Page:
Your RDA of Irony

Quips and Quirks

Is being me a chronic condition?  Apparently so.  A friend just reminded me of an incidence from 40 years ago.  A group of Hispanic activists stormed into the college newspaper office.  They demanded to know why the Daily Illini was not giving more coverage to Hispanic issues.  A certain features writer quipped, “We supported the Moors.”

The activists didn’t get the joke…or the additional coverage.

And now the latest manifestion of my condition. 

I recently wrote a magazine article about the Salem Witch Trials.  Now, there are some valuable lessons to be learned from this story.  You certainly can see that America has a long tradition of sanctimonious hypocrisy.  (Most of the victims happened to be political opponents or commercial rivals of Salem’s leading family.)  And if a clique of  Mean Girls can terrorize 17th century Massachusetts, you should be amazed that you somehow survived high school.  You might also have some premonitions of Sarah Palin’s presidency.

But I saw intriguing similarities between “The Crucible” and “Bye Bye Birdie.”  They both center around hysterical teenagers, and if Paul Lynde isn’t a witch who is?  “What’s the Matter With Kids Today” is applicable to either show.  And imagine Dick Van Dyke as Cotton Mather performing an exorcism to “Put on a Happy Face”!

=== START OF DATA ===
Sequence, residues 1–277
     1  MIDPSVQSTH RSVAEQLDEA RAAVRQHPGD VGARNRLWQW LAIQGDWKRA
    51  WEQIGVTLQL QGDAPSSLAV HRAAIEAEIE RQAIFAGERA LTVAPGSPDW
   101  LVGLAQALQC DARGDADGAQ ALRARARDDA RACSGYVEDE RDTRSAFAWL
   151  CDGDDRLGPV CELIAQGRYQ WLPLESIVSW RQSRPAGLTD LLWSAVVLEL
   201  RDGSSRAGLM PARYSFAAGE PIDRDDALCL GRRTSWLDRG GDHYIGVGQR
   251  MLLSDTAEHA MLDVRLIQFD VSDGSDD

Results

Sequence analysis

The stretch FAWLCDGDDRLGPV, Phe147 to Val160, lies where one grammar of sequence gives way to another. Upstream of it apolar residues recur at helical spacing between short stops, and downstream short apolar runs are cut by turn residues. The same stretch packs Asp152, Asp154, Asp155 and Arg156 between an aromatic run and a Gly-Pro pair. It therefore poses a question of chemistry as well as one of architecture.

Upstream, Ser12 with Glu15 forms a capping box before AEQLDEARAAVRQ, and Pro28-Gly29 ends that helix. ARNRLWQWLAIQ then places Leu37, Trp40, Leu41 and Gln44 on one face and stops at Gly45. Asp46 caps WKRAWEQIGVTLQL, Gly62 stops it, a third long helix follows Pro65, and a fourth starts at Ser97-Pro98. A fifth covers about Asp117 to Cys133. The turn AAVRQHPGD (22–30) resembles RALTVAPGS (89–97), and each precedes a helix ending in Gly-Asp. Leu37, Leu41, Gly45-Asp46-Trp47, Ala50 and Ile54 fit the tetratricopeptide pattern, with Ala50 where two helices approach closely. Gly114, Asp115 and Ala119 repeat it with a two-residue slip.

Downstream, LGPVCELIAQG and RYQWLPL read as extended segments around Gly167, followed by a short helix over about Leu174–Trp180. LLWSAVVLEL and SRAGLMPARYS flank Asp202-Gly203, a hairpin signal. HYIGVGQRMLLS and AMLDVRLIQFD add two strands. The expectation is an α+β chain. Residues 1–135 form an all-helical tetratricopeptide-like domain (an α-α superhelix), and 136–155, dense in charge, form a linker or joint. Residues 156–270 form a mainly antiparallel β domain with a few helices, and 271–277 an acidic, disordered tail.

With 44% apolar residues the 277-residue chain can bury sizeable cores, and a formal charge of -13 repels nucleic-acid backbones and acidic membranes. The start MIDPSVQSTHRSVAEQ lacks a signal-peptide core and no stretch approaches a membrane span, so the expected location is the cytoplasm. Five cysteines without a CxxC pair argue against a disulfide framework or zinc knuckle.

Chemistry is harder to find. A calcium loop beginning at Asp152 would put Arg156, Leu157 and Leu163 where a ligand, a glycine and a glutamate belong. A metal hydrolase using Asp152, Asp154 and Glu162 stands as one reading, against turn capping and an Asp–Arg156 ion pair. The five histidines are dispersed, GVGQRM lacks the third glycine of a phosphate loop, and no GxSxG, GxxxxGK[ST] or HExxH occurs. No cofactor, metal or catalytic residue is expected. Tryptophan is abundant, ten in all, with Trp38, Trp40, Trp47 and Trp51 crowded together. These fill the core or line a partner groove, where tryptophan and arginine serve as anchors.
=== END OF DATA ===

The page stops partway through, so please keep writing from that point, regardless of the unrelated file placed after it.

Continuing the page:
Peter Sellars is called a genius for coming up with ideas like this.  I’d be lucky to get a Brooks Brothers’ straitjacket.   

p.s.  Let’s not forget the historic significance of this day:  http://finermanworks.com/your_rda_of_irony/2009/06/15/king-johns-involuntary-gift-to-us-2/

  1. Ken says:

    Will you tell us the name of the publication when (if) your Salem article is published?

    • Eugene Finerman says:

      Ken,

      IF? How rude! I’ll have you know that Megan Fox is planning to have my article tattooed on her body. She is erasing the tattoo quote from “King Lear” just to make room.

      Well, maybe not. But the article will be published in BOSS Magazine, which has been published my essays on history for four years. I have written for several corporate periodicals, and BOSS is far and away the best.

      Take a look: http://www.bradfordfittings.com/publications/index.php?ptk=1

      Eugene

      p.s. I am not in the Spring, 2010 issue. The editorial board commissioned an article on Japan’s surrender in World War II, but then decided that the atomic bomb was a little too controversial. Don’t worry: I still got paid.

  2. Michael says:

    It’s only fitting that they gave you a kill fee.

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